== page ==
Sara Collins, assistant vice president at The Commonwealth Fund and co-author of the report, said, "Adults with health problems or with lower incomes bear the largest financial burdens associated with consumer-driven plans. Two-thirds of people in consumer driven plans with annual household incomes of under $50,000 are spending 5 percent or more of their income on medical expenses and premiums and 2 in 5 are spending 10 percent or more."

Consumer-driven plans remain largely unknown to most Americans, the survey found. Nationally, just 1 in 5 consumers in this year's survey was at least somewhat familiar with CDHPs, unchanged from 2005. Additional findings include:

  • More than half of adults in consumer-driven plans, including those with coverage through their employers, reported that their deductibles applied to all their medical care—even though the law that created health savings accounts allows the cost of preventive services to be excluded from deductibles and still be eligible for an HSA. This provision in the legislation was designed to encourage people with high deductibles to get regular screening tests like mammograms and colonoscopies.
  • Consumer-driven plan participants are often more cost-conscious in their health care decisions—one of the plans' objectives. Adults in consumer-driven plans are significantly more likely to say that the terms of their health plans make them consider costs when deciding to see a doctor or fill a prescription, to report that they had checked the price of a service prior to receiving care, and to ask their doctor for a less costly prescription drug.
  • Thirty-eight percent of those with consumer-driven coverage said that during the last 12 months they had delayed or avoided getting any type of needed health care because of cost, compared with 19 percent of those with comprehensive insurance.
  • When individuals were asked about the frequency with which they used health services over the year and if they had received a selected set of preventive care services, no clear conclusions were evident. For example, adults over age 50 in consumer-driven plans are significantly less likely than those with more comprehensive coverage to have had a colon cancer screening test in the last five years, and all adults in CDHPs were less likely to have had their blood pressure checked in the last year. But adults in CDHPs were also more likely to say that they had had their cholesterol checked in the last five years. And adults with chronic health conditions in CDHPs are no less likely to say that they follow their treatment regimens very carefully than are those in more comprehensive plans.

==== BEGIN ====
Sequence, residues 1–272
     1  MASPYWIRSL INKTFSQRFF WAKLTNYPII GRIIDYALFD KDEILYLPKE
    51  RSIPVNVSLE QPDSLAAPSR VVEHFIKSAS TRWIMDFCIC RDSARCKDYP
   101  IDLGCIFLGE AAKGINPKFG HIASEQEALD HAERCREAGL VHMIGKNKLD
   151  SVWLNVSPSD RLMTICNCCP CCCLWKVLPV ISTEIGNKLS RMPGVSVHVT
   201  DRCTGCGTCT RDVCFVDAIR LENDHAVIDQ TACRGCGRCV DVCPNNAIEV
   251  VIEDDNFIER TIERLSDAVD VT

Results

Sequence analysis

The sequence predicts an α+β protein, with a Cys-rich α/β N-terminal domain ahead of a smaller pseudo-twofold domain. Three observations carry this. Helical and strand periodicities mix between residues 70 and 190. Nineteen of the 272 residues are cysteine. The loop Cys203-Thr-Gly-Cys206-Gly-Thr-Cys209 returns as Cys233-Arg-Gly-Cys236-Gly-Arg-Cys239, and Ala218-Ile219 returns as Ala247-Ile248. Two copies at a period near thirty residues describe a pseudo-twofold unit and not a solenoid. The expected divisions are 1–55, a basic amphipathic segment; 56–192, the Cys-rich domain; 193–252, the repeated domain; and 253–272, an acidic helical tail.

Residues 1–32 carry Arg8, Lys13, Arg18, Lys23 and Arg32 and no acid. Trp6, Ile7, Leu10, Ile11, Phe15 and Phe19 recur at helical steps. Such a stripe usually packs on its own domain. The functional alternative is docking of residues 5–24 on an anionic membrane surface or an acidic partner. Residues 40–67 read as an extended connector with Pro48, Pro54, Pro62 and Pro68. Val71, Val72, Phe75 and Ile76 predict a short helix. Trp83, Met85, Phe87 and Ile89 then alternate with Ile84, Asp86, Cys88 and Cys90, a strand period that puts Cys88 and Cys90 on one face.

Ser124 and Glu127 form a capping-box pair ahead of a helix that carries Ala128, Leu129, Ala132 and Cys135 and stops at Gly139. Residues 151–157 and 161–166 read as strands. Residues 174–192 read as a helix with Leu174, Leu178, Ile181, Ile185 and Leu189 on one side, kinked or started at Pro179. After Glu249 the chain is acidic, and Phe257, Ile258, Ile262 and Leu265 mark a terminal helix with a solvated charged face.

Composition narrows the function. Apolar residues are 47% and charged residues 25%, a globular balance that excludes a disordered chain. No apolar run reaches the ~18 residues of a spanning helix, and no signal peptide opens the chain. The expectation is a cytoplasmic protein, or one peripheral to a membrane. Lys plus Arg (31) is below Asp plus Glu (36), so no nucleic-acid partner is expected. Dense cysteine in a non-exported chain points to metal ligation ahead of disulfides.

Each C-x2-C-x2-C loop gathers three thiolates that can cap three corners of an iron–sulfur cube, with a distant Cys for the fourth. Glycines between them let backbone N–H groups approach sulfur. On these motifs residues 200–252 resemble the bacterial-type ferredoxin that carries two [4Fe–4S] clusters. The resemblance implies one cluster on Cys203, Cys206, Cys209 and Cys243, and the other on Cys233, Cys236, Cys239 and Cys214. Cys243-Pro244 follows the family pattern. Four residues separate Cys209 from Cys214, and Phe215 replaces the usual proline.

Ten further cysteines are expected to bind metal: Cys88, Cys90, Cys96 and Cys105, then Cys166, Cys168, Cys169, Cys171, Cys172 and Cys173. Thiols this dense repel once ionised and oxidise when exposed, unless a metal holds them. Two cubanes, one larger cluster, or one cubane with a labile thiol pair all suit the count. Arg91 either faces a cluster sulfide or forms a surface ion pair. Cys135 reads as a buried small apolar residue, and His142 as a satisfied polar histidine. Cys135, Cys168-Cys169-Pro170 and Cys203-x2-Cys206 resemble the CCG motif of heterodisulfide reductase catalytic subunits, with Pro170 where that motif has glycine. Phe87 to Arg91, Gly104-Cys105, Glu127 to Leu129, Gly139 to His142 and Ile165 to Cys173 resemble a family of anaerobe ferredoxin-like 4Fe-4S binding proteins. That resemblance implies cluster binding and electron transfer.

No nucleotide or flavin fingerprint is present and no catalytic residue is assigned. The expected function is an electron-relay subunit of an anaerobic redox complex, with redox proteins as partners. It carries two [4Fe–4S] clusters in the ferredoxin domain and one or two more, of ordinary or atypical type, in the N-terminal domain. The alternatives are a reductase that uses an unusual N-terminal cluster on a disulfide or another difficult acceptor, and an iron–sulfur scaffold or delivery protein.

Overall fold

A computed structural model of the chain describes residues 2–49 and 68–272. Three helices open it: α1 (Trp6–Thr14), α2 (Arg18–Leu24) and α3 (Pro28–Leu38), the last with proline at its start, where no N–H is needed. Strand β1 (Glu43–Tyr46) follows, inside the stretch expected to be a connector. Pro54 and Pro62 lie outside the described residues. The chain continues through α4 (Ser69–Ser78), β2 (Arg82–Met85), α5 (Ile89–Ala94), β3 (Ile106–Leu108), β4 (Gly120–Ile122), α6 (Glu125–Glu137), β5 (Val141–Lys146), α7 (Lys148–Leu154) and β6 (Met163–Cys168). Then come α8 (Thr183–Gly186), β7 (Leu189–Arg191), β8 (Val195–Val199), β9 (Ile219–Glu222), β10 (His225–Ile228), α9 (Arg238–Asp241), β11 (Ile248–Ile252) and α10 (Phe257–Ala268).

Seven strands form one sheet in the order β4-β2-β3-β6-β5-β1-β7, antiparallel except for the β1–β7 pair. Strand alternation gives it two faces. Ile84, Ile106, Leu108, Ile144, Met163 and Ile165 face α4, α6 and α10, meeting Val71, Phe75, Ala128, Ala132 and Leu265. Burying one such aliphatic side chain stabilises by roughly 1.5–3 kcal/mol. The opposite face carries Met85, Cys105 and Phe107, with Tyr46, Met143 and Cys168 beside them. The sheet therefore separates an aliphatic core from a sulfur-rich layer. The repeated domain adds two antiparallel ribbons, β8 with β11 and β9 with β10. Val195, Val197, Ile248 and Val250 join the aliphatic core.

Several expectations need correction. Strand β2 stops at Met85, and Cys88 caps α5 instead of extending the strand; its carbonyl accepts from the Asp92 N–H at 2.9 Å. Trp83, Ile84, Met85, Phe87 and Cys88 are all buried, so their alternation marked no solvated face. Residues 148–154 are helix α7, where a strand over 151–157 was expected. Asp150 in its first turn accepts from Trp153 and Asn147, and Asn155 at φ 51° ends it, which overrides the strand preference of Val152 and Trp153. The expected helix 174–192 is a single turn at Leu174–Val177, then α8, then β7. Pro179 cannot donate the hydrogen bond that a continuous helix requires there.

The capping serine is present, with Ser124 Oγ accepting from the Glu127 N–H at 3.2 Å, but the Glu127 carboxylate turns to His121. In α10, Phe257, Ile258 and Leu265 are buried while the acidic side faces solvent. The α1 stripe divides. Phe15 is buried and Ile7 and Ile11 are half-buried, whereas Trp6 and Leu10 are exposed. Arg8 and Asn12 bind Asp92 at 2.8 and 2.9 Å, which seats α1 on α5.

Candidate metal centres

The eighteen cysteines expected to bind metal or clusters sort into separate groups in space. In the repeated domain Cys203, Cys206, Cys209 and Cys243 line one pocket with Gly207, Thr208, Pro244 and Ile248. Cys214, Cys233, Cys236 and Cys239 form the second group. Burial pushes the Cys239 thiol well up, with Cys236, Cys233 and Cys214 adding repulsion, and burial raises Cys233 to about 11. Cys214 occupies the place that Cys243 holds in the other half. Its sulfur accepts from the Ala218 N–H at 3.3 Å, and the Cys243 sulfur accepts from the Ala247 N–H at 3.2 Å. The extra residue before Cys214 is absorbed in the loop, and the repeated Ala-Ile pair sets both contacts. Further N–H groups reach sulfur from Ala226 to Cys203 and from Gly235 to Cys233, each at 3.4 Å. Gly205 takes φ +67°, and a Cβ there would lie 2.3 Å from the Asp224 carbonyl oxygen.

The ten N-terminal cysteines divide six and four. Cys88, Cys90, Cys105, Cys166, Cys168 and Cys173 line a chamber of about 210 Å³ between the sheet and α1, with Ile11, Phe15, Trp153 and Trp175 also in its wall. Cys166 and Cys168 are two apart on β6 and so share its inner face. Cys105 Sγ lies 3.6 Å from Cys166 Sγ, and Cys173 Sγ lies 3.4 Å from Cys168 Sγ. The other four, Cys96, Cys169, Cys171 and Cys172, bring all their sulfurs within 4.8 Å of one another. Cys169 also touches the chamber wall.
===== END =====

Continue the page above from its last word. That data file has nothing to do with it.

• Despite the emphasis on the need for information on the cost and quality of providers to enable people in consumer-driven plans to make informed decisions about their health care, adults in these plans were significantly less likely than those in more comprehensive health plans to report that their plans provided such information.
  • If they had a choice, 36 percent of those in consumer-driven plans said they would stay with their plan, compared with 63 percent of those with comprehensive coverage. This was a 10 percentage point drop from a year ago in those likely to stay with consumer-driven plans if they had a choice.
  • More than half of those in consumer-driven plans said they were not too or not at all satisfied with their out-of-pocket costs, compared with 21 percent of those with comprehensive coverage.
  • Thirty percent of those with consumer-directed coverage said they were extremely or very likely to recommend their plan to a friend or co-worker, compared with 53 percent of those with comprehensive coverage.

The survey of 3,158 U.S. adults ages 21–64 was conducted Sept. 1–19, 2006, through a 14-minute Internet survey. The base sample was drawn randomly from Synovate's online sample of 1.5 million Internet users who have agreed to participate in research surveys, and was complemented with a randomly drawn over-sample of adults in consumer-driven health plans and in health plans with deductibles high enough to meet the threshold for a health savings account but who do not have an account. The final sample included 722 adults in consumer-driven health plans, 930 adults in high-deductible health plans, and 1,506 adults in more comprehensive plans, or those with lower or no deductibles. Details about the survey methodology are available in the full study.

EBRI is a private, nonprofit research institute based in Washington, D.C., that focuses on health, savings, retirement, and economic security issues. EBRI does not lobby and does not take policy positions. The Commonwealth Fund is a private foundation that aims to promote a high-performing health care system by supporting independent research on health care issues.

Publication Details


Dec 07, 2006